Dans ton île, ô Vénus! je n’ai trouvé debout
Qu’un gibet symbolique où pendait mon image ...
– Ah! Seigneur! donnez-moi la force et le courage
De contempler mon cœur et mon corps sans dégoût !
– Charles Baudelaire, Les Fleurs du Mal (1857)
In your island, Venus, I found nothing upright
save one symbolic gibbet with my image
on it: – God, give me the strength and courage
to see my heart and body in the light,
without disgust ...
Alistair Paterson says of me (or, at any rate, of “Jack Ross”): “Neither his MA thesis, The Novels of John Masefield, nor his doctoral thesis … immediately suggests the kind of writer he is” [Poetry NZ 22 (2001): 10]. This bit of my MA thesis (U. of Auckland, 1986) does, though, I suspect – these lines translated from Baudelaire’s “Voyage to Cythera.”
Michael Onslow-Osborne, in his stimulating article “Pre-millennial Tinnitus: Noise-bytes 1999-2000” [brief 18 (2000): 79-90] appears to end up with white noise as the basis of his poetics: “The world is an outrage, the pertinent answer is noise to block it out.” No disrespect to Michael, but that doesn’t sound very sexy to me. It reminds me a bit of that Ken Russell movie Altered States. You remember, the one where William Hurt keeps on climbing into a deprivation tank and reverting to an apeman. He would have ended up as primordial matter if it hadn’t been for the love of a good woman (Blair Brown).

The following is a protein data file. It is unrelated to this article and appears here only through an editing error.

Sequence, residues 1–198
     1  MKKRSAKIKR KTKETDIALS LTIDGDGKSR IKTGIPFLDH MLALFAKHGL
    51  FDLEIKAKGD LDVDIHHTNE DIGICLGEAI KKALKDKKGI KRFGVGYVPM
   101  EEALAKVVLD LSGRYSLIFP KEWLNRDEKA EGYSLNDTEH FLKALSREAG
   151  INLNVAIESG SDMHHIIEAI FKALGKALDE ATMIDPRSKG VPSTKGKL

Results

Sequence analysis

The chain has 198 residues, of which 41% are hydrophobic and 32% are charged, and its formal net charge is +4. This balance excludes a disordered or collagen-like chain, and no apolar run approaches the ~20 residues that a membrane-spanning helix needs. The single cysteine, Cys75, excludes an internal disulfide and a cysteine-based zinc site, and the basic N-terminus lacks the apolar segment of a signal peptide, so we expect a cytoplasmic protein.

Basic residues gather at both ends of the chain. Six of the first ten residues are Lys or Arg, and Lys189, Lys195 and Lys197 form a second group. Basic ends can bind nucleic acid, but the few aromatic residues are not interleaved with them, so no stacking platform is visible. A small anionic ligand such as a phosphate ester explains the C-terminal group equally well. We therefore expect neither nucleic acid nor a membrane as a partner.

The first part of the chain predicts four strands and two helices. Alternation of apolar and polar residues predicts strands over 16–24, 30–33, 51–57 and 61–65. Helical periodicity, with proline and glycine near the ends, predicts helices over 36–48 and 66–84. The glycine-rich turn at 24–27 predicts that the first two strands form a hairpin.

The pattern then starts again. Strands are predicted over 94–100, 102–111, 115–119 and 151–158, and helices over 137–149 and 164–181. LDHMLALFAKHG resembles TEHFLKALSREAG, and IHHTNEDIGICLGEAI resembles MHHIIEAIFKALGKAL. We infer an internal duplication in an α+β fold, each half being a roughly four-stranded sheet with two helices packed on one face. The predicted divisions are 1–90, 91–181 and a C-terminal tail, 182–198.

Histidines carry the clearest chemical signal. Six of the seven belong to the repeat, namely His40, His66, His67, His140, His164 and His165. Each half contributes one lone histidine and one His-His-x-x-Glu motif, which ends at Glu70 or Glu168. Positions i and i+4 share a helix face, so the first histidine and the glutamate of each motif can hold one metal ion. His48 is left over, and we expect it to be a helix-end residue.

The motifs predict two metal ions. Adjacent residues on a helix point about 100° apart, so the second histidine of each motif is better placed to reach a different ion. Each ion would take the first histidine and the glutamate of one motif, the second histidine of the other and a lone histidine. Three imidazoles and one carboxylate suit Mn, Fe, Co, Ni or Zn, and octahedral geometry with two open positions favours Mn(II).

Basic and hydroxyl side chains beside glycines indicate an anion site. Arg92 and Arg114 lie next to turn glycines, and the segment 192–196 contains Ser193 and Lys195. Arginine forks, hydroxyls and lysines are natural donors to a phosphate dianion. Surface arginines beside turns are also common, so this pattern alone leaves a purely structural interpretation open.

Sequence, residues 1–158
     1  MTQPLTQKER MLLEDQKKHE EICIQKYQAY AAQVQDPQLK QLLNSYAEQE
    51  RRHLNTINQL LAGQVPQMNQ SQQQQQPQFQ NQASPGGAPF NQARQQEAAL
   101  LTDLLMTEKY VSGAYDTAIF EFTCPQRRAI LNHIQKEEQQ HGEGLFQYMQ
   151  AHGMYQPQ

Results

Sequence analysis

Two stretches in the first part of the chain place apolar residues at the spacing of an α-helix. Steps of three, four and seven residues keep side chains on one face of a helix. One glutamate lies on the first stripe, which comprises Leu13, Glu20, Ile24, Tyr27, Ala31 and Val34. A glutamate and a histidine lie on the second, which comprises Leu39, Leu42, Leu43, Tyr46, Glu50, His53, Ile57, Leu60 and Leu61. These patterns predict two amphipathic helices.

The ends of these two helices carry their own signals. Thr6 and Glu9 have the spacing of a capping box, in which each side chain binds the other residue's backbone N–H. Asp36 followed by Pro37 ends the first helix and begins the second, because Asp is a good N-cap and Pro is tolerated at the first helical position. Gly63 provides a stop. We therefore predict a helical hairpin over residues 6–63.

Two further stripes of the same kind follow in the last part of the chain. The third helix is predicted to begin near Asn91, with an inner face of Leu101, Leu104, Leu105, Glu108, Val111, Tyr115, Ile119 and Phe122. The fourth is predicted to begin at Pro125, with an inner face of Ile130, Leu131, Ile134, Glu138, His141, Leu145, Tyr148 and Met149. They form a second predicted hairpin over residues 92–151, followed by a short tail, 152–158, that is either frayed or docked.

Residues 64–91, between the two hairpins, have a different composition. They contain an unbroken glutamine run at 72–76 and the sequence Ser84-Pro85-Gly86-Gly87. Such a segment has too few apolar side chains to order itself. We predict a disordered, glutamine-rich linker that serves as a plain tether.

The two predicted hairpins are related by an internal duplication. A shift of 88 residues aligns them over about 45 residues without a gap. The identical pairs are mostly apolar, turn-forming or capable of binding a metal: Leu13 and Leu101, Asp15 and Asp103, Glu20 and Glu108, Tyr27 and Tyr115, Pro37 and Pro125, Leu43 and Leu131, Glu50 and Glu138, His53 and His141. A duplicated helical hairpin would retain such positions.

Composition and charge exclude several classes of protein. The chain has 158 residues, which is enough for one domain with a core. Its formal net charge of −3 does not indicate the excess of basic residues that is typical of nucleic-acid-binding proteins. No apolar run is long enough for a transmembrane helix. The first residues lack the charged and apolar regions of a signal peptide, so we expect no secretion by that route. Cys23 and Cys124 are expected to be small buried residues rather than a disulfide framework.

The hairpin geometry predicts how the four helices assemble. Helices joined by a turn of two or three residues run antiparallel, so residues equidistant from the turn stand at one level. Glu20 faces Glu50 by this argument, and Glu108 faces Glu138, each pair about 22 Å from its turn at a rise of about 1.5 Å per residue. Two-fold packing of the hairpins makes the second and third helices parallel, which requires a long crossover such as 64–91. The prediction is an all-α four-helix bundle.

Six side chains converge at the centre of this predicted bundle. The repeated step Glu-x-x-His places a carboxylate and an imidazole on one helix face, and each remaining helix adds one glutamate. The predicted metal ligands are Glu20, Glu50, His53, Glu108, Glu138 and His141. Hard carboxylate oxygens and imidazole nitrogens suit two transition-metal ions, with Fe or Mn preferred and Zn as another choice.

I want to contemplate my heart and my body without disgust. That’s not an especially easy thing to do. Am I extra disgusting? Worse than the rest of you? It’s hard to say. Asking the question at all implies:
- a strong suspicion the answer may be “yes;”
- an even stronger desire to be assured otherwise.
Is that the beginning and end of my aesthetics? I guess there might be a little more than that. A few scraps of mystical theology, a need to persuade myself that life – my life, your life, any life – can be redeemed somehow, or at any rate palliated if only one takes a passionate enough interest in the detail (“Crush it in your palm like a flower; inhale its fragrance,” as Nabokov advises in his Lectures on Literature).
1. The actual reference is as follows:
Let me submit the following practical suggestion. Literature, real literature, must not be gulped down like some potion which may be good for the heart or good for the brain - the brain, that stomach of the soul. Literature must be taken and broken to bits, pulled apart, squashed - then its lovely reek will be smelt in the hollow of the palm, it will be munched and rolled upon the tongue with relish; then, and only then, its rare flavour will be appreciated at its true worth and the broken and crushed parts will again come together in your mind and disclose the beauty of a unity to which you have contributed something of your own blood.
- Vladimir Nabokov, Lectures on Russian Literature, ed. Fredson Bowers, 1982 (London: Picador, 1983) p. 105.
[Charles Baudelaire (1821-1867)]